Adapted from Options Volatility and Pricing Textbook by Sheldon Natenberg.
Option market makers typically profit when there is more options volume being traded. The reason for this is market makers profit from the difference in the bid-ask spread, and higher volume provides and opportunity for them to take in more profits on this spread.
When options trading volume is elevated, you also tend to see higher volatility in the market. This is because demand for options increases as volatility increases due to market participants purchasing protection for their portfolios and/or speculators looking to profit from large price swings.
Market makers have an indirect long volatility position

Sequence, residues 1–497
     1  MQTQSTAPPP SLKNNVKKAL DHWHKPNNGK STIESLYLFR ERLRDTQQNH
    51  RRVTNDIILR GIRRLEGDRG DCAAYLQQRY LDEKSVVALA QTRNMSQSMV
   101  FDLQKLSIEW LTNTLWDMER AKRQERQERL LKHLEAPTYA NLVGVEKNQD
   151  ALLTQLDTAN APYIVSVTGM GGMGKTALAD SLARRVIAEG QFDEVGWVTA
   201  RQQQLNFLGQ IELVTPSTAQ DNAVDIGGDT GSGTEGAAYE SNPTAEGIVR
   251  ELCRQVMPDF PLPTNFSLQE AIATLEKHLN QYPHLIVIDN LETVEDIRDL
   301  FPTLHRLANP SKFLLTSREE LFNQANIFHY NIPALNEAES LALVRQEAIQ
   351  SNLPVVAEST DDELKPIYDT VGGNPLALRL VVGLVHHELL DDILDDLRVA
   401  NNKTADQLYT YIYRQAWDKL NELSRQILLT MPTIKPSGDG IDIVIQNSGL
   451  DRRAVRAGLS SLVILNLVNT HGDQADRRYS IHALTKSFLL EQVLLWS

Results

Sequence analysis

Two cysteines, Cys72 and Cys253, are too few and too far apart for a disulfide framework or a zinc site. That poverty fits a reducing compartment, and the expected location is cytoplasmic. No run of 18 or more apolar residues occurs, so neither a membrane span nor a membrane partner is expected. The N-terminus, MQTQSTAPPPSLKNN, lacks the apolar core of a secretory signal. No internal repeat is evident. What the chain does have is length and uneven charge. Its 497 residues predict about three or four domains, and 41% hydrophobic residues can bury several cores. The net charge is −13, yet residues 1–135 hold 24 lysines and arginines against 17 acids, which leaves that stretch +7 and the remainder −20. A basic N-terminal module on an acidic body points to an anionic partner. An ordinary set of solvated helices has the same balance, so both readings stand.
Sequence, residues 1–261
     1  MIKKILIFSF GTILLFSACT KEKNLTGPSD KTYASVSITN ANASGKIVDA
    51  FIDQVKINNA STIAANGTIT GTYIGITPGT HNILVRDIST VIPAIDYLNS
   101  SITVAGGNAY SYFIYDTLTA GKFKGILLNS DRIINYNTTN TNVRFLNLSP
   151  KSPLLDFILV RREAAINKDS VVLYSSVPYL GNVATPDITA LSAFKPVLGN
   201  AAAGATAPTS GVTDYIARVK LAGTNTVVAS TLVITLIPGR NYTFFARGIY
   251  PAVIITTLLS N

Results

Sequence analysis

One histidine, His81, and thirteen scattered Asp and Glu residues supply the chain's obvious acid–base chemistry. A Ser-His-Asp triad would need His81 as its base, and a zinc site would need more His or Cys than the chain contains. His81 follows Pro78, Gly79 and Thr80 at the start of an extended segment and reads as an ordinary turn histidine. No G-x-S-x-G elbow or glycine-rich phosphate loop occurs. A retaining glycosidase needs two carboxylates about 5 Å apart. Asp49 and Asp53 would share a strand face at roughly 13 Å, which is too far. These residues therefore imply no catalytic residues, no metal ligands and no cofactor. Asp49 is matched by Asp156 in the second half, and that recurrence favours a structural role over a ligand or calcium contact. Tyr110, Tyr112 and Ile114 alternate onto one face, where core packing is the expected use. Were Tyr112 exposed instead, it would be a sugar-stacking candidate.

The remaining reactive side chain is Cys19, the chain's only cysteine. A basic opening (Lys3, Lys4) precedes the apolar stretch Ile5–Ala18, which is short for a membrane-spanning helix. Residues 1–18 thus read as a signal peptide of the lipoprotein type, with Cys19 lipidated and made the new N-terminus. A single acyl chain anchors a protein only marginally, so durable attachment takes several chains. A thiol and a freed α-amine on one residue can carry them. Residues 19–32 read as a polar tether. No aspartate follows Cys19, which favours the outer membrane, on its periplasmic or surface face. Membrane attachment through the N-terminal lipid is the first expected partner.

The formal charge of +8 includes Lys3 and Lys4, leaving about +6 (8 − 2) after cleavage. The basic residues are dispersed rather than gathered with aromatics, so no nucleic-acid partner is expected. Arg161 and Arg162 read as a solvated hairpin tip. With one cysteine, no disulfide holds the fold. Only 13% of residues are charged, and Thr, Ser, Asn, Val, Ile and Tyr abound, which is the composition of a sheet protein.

As a result of this, option market makers have what is known as an indirect long volatility position, because they profit when volatility is high as a result of increased volume. Market makers want an increase in the volume of options but not because they have long volatility positions per se.
To hedge against this indirect long volatility position, you will see market makers take short volatility positions in volatility contracts, most commonly the VIX.
The market maker takes a short volatility position because they want to hedge themselves against the possibility of there being low trading volume which would ultimately hurt their profits.
One thought on “Why do options market makers take on short volatility positions?”